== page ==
'Man Finds Food' was intended to premiere July 2, but the Travel Channel pulled the plug over social media remarks last month.
Warning: eating disorders discussed in article.
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Adam Richman made waves on Twitter and Instagram and ended up cleaning house on both social media platforms. Bad behavior cost him a premiere date, too, for Man Finds Food.
Thanks to Natalie Abrahams's piece "Travel Channel Delays Adam Richman's New Show Following Social Media Rant", TV Guide's giving the dirt on the why the TV host is now boiling in hot water.
Last month, the Man vs Food reality TV host posted a picture of himself with the caption: "Had ordered this suit from a Saville Row tailor over a year ago. Think I'm gonna need to take it in a little…" Not so controversial. Who doesn't celebrate when you lose 70 pounds after trying, especially when posing almost nude with a smile for Cosmopolitan UK’s cover?
The controversy happened when he included #thinspiration at the end. Thinspiration is a term many people with eating disorders use for losing weight. The National Eating Disorders Association says the term refers "to web content that intentionally encourages or glorifies dangerous behaviors" for those suffering with "Anorexia Nervosa and Bulimia Nervosa."
Both anorexia and bulimia are life-threatening disorders and the promotion of a commonly known tag definitely wasn't the host's best move.
Especially given his obvious awareness of the term and the fact the pro-ana content (which is the term thinspiration, or thinspo, fall under) rose 470% between 2006-2007.
Definitely a bad move there.
While the content is no longer available, screencaps show the man telling a concerned Instagram user to "grab a razor blade and draw a bath. I doubt anyone would miss you." Richman seemed to be under the impression everyone who disagreed was a troll instead of people aware of the Internet's rise in pro-ana content.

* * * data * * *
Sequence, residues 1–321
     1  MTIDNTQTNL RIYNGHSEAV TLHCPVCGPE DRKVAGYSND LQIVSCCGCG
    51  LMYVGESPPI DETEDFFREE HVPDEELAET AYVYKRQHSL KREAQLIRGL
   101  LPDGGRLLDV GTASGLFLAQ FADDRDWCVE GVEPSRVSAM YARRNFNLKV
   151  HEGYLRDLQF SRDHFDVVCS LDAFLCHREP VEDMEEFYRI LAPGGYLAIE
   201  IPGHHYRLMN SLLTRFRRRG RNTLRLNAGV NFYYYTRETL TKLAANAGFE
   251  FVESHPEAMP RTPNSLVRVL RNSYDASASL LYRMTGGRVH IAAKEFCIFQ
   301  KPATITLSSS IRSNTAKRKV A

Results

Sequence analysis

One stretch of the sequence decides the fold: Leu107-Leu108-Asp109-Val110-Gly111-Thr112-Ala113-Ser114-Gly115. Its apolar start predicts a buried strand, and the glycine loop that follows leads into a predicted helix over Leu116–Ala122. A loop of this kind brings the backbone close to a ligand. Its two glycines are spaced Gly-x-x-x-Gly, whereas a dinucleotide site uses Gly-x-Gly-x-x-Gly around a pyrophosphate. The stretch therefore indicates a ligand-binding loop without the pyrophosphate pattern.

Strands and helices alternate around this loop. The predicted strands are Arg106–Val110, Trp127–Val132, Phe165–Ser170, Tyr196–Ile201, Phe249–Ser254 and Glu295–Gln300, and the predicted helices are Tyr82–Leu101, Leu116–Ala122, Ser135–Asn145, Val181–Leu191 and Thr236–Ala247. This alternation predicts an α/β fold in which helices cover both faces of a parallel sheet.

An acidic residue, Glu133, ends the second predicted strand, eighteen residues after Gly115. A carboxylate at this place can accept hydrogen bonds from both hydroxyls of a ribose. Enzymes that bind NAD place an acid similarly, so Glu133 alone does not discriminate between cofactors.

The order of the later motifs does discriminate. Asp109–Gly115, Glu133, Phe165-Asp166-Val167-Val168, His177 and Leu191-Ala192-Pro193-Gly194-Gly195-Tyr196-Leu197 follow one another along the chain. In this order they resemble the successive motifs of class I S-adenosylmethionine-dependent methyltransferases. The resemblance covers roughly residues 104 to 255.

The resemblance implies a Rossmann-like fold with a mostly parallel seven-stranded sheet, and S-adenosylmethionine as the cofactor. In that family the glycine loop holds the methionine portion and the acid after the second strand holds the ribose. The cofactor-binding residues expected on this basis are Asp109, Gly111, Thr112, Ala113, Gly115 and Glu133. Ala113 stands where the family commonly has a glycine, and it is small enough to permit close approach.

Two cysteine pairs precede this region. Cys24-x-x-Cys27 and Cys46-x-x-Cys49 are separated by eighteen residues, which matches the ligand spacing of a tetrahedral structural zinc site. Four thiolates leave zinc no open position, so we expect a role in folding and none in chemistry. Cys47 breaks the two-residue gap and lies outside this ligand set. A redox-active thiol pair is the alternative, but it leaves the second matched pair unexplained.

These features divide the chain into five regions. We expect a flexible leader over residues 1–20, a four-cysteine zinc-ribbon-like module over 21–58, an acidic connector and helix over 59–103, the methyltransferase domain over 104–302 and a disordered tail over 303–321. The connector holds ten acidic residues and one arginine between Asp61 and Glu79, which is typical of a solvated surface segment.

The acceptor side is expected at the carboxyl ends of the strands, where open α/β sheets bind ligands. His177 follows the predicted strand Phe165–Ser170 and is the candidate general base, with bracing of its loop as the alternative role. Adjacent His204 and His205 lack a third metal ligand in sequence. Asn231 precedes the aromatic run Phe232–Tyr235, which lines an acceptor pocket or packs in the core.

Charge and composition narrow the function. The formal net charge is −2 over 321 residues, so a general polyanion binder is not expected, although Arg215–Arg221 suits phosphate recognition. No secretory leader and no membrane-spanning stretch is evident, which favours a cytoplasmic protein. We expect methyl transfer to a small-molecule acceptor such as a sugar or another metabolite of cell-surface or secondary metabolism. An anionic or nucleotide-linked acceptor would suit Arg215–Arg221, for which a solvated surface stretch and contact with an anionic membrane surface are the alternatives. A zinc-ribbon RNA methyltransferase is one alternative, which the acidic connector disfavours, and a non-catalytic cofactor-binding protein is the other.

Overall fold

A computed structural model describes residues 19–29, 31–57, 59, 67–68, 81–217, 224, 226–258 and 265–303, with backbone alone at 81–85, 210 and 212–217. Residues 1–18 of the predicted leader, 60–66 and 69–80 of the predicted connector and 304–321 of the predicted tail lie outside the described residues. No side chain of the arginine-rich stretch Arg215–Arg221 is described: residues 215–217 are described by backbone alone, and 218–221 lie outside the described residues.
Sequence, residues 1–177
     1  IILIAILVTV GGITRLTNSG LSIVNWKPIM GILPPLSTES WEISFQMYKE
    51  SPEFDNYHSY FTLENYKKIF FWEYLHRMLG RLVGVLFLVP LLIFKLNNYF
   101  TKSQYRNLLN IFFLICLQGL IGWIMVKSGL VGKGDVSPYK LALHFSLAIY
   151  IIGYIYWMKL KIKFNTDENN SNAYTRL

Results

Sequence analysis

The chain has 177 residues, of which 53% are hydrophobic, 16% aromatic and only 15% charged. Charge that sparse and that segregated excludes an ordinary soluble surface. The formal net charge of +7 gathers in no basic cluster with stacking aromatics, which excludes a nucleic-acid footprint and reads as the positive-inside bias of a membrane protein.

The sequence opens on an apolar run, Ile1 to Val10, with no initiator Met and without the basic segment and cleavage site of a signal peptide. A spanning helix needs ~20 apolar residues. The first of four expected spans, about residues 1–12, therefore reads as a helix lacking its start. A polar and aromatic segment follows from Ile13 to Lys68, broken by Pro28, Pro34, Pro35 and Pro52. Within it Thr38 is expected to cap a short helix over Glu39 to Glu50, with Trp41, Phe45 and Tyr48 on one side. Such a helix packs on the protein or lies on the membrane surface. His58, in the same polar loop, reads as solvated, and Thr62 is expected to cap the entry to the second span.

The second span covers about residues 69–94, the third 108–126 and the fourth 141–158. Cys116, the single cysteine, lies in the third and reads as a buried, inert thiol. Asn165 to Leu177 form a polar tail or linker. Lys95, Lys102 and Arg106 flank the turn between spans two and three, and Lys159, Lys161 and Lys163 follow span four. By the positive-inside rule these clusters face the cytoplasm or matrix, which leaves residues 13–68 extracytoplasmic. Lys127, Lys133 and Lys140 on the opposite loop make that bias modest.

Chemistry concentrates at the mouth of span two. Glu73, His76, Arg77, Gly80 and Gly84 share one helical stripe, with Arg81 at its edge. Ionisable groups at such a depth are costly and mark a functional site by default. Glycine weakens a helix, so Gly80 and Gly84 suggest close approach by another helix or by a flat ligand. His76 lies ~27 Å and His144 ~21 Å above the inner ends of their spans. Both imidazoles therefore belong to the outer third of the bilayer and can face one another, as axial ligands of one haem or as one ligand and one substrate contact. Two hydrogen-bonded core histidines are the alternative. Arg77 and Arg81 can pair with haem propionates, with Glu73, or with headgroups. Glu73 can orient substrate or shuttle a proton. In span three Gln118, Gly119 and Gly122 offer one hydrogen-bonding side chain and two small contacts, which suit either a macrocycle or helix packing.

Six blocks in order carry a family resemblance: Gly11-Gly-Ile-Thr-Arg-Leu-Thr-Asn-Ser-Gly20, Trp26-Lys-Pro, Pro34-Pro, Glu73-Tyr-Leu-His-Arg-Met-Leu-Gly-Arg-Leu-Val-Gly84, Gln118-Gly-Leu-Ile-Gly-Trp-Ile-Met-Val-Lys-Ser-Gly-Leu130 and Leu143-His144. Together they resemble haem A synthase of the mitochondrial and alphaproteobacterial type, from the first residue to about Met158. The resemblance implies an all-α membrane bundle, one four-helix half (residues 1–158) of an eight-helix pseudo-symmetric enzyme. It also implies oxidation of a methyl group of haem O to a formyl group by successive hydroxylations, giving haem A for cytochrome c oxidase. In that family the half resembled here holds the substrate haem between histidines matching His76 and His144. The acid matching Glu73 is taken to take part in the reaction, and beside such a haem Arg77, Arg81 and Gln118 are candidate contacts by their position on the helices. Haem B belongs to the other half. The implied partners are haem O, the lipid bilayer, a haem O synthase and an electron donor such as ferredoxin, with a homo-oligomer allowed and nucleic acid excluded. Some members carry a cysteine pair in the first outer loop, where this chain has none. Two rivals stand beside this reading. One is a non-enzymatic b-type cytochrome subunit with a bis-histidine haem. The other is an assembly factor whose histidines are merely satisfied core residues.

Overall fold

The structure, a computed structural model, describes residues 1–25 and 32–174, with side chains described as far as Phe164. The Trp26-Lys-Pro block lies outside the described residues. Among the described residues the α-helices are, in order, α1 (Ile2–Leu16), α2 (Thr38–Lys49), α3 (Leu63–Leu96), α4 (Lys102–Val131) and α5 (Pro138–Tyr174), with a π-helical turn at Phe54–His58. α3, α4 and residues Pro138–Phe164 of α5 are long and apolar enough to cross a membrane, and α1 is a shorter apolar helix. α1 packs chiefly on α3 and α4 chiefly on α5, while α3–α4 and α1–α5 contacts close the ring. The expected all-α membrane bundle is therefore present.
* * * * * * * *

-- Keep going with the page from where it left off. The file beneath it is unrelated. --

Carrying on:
Even more alarming was the fact he openly acknowledged what the word meant when telling another user, "if it inspires someone to attain a healthier, thinner body - then that's what it was meant to do." He flat out told the user "no apology is coming" as well.
In short: don't criticize Adam Richman without expecting some kind argument and insult attached.
Yet on July 1, 2014, Richman apologized for what he calls “inexcusable remarks” on ABC's Good Morning America. “I've struggled with my body image and have worked very hard to achieve a healthy weight." He continued on, stating, "I'm incredibly sorry to everyone I've hurt."
ABC News summarizes the appearance in "Adam Richman Apologizes for 'inexcusable remarks' on Twitter and Instagram".
A week earlier, he apologized to Us Weekly using the same speech. Stephanie Webber’s “Adam Richman, Man vs. Food Star, Apologizes for Bashing Twitter Haters” gives a good run down of the quick escalation as well.
"Instead of responding to comments with compassion, I lashed out in anger. I'm not asking for sympathy, but rather understanding and forgiveness. I can say with certainty that I'm taking a deep look at myself and I'm incredibly sorry to everyone I've hurt."
Apparently, the Travel Channel didn't appreciate the words on social media. At all. Richman's Man Finds Food was set to premiere July 2, but has been pulled indefinitely.
TMZ reports the station doesn’t specify the reasoning, but like many reality hosts, public image is everything. However the television personality will has Food Fighters on NBC coming up. No date has been announced.
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